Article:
Civility, or sometimes the lack of, is what clearly defines a society or a community. How do we treat other people, particularly when there is disagreement or tension? Do we remember the basic humanity of the other person in our actions and in our public discourse, or do we dehumanize and demonize?

Civility is central to Interfaith Alliance of Iowa, our mission and work. We know it is imperative that civilty remain squarely in the forefront of every project, every action, and every statement we make. We don’t always get it right, but work hard to get better each day.

There are many different versions of civility pledges available from various organizations and efforts. They may have different words but all have similar themes. We offer one version here for your consideration.  If you prefer a variation on the pledge, by all means adjust and modify to fit you. The point is that each person pledge to be more civil and work to maintain that pledge each day. And, if you make a mistake, just start again, recommitting yourself to the pledge and to be civil in your next encounter.

We believe if every person makes an effort to be more civil each day, the collective effort can only prove to make our society and our communities better for all of us.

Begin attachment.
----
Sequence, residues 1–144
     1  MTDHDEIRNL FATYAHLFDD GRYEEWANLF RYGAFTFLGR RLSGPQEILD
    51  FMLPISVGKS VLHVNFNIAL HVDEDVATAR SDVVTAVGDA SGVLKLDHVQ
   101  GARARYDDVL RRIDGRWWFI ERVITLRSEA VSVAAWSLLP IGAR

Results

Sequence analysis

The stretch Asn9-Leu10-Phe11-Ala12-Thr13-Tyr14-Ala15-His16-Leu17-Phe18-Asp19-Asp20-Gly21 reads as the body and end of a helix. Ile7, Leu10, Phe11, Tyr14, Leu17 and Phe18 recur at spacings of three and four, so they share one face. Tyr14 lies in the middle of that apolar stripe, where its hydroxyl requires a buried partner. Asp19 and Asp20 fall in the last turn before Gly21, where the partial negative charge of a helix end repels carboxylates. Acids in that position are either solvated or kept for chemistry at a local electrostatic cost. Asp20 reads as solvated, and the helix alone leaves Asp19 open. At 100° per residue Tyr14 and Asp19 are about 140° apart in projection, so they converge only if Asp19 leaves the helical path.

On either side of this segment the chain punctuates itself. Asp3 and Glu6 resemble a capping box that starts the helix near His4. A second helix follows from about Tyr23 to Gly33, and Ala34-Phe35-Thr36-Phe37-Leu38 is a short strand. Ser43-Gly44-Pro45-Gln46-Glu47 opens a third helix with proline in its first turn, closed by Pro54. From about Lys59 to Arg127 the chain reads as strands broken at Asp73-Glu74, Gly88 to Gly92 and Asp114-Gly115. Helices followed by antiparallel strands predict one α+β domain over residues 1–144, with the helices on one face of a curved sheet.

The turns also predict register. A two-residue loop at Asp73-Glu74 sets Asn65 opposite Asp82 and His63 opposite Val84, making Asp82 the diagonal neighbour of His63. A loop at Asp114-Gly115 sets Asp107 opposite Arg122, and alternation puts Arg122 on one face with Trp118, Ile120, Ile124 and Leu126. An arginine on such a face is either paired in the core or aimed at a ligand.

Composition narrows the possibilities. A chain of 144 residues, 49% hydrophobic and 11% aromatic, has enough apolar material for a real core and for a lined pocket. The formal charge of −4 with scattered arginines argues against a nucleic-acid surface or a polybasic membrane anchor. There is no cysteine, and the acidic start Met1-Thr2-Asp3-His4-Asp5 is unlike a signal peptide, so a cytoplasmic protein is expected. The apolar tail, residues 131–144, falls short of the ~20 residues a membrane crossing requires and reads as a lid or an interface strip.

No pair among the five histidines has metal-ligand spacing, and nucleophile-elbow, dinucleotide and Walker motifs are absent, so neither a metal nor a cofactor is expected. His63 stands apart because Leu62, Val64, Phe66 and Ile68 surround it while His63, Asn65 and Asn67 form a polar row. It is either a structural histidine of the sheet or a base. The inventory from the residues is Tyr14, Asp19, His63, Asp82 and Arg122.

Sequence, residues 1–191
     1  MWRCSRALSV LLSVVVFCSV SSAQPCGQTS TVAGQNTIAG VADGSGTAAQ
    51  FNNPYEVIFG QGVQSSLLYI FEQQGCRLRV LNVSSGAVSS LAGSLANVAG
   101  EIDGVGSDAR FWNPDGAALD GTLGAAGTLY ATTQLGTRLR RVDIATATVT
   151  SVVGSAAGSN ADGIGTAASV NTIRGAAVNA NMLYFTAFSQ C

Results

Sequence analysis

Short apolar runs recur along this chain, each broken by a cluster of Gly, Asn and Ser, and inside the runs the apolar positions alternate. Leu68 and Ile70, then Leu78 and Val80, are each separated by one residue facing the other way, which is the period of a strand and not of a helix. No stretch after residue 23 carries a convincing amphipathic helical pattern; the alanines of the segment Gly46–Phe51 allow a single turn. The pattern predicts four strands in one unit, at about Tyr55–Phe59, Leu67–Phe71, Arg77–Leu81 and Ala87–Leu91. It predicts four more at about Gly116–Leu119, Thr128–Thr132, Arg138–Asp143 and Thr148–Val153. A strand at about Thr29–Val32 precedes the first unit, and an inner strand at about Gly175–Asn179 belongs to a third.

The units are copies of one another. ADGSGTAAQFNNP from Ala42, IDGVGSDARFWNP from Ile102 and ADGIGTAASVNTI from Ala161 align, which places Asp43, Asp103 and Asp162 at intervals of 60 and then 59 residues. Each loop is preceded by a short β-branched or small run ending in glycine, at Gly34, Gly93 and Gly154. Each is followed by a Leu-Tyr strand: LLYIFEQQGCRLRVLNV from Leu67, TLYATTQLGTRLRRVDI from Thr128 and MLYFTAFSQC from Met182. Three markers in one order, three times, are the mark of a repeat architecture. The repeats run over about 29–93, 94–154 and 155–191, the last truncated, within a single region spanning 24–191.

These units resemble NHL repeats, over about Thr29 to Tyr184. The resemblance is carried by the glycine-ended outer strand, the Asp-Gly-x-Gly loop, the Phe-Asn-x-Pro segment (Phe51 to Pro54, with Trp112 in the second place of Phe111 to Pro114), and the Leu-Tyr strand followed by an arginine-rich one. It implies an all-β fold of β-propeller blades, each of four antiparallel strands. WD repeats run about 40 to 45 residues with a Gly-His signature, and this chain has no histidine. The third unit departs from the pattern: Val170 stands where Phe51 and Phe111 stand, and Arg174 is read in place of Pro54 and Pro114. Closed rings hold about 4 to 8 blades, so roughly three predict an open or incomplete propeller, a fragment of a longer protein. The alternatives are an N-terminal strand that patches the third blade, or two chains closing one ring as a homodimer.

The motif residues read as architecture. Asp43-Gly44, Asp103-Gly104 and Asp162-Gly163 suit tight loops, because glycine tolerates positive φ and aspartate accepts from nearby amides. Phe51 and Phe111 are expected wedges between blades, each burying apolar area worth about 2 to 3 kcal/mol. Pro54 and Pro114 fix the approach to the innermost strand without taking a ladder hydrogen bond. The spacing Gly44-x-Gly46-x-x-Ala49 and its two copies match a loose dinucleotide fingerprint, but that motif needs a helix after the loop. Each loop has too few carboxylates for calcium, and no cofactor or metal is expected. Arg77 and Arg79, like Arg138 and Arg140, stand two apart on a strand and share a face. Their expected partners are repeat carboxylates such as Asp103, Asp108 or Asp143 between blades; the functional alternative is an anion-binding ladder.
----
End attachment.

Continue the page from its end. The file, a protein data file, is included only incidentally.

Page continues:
Civility Pledge

Every day I pledge to do my best to:

1. Appreciate each person’s humanity.

2. Respect every person’s right to  their own opinion.

3. Look for things in common, including common language.

4. Build trust in every relationship.

5. Value dialogue. Honor the results.



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Civility is a polite act or expression. This applies to our daily lives as we try to extend courtesies, even when we find out someone may not agree with our view of the world. As we’ve found, the more we associate with people who think and act like we do, the less civil we are to others.

This Conversation on Civility program uses portions of three different speakers to spur discussion between J. Barry Griswell, president of the Community Foundation of Greater Des Moines; Scott Raecker, executive director of Character Counts in Iowa; Connie Ryan, executive director of Interfaith Alliance of Iowa; and Kathy Obradovich, political columnist, Des Moines Register. (Click on the title above to view the discussion.)